Yasmin Alibhai-Brown: Our most precious possession

Post-colonials and their children in Britain have reclaimed English and made it their own

Our Prime Minister and his Coalition squires had to answer some tricky questions in China about their increasingly muddled immigration policies, which, depending on the day, case, person and place, appear to be tough and pragmatic, or unfair and cruel, or open and generous, or abstruse and mercurial.

Chinese millionaires are welcome of course, but not the poor. Yes please to high fee-paying university undergraduates; but no to those wanting to go to private language schools, which are all now seen, unfairly, as stopovers for illegal migrants and traffickers. Three years ago, polemicist Christopher Hitchens asked on Question Time: "What do we have that is better than our language?" We have 85,000 Chinese students in the UK. Many of them want our most precious product. Are we really going to deny them that gift?

I can speak four other languages which my children refuse to learn. Saddened by their indifference and wilful ignorance, I can understand why. I could not communicate the thoughts in this paragraph in Hindi, Swahili, Gujarati or Kutchi. English has infinite reach and depth. You grow into it; it grows inside you until it reaches your dreams.

And now, at long last, a fitting homage to this linguistic story – an exhibition on the marvels of English at the British Library. It takes us from its beginnings in the fifth-century, through the accretions and adaptations, the porosity that let in Latin, French and Germanic words, great English wordsmiths like Bede, Chaucer, Shakespeare, and Johnson, Caxton's printing revolution and on to now.

There are many delights and surprises – "yobbo" goes back to 1921; "fat cats" to 1928, and "sleaze" to 1967. You can hear audio-versions of how English sounded in past eras. The Empire spread it and colonised liberationists' tongues – Gandhi, Kenyatta, Jinnah, Nkrumah. Subjugated nations appropriated the lingo, added music of their own, rhythms and miscegenated vocabulary.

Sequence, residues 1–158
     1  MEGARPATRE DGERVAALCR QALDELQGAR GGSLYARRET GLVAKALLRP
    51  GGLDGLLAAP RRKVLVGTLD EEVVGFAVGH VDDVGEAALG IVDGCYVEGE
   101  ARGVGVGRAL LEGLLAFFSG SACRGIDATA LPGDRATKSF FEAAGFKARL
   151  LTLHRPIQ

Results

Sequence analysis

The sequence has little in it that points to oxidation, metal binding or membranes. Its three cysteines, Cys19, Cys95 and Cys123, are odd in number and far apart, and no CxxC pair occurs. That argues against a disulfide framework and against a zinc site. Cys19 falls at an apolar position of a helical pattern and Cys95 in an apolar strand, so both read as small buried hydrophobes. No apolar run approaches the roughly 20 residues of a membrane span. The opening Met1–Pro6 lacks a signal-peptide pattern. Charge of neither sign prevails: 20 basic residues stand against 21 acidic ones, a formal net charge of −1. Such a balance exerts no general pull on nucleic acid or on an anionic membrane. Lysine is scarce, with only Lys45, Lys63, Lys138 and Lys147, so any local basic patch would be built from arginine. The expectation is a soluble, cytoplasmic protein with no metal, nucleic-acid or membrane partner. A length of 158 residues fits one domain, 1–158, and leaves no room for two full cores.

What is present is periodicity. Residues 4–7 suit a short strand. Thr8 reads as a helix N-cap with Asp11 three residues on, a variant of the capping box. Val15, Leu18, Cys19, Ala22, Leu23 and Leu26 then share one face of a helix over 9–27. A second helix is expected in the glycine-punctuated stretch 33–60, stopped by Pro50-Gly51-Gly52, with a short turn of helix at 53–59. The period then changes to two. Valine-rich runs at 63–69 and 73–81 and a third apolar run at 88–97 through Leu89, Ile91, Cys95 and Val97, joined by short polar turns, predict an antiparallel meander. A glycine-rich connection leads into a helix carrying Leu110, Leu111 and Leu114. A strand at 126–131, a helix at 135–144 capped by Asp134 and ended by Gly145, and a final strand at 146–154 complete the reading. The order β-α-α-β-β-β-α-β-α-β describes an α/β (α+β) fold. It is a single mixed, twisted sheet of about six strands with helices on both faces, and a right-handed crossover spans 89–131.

Post-colonials and their children in Britain have reclaimed English and made it their own. There remain South Asian Britons, though, who fear Anglicisation and will not open up to infinite possibilities. What a waste. They cannot, thankfully, stop their young jumping into the inviting ocean that is English and the access that gives them to modern life.

Last week I went to see the buddy thriller Pune Highway, by the Indian theatre company Rage, at the Watermans Arts Centre in Brentford. I saw it again three days later. Playwright Rahul da Cunha exposes the degeneracy of contemporary, moneyed Indian society. Actors Rajit Kapur, Ashwin Mushran and Bugs Bhargava Krishna brilliantly play three friends with no moral compass. Their crude, pared down English lacks compassion or grace and becomes a metaphor for India's fast, thoughtless and furious globalisation. It is as powerful and challenging as Look Back in Anger must have been in 1956, or Pinter's early work. It is English again, breaking out and starting out a new trajectory in its unending history.

French and Italian don't have that capacity. David Crystal, world expert on English, told me it was because those languages opted a long time ago for strict protectionism, but ours is the opposite, with all doors and windows open.

The future looks bright then, until you notice those who use new technology without due care. Some crazed demons on Twitter believe anything goes. Written words matter and hold meanings beyond that narcissistic urge to send off instant thoughts. The Tory councillor who sent out a vile and scary message about me says it was a joke. After some thought I decided I will not press charges. My objections have been made and there is no need for more. Yet having read many blogs and tweets that followed the incident, I do wonder whether our manners and morals will survive and if English itself, the best thing about us, is now seriously endangered.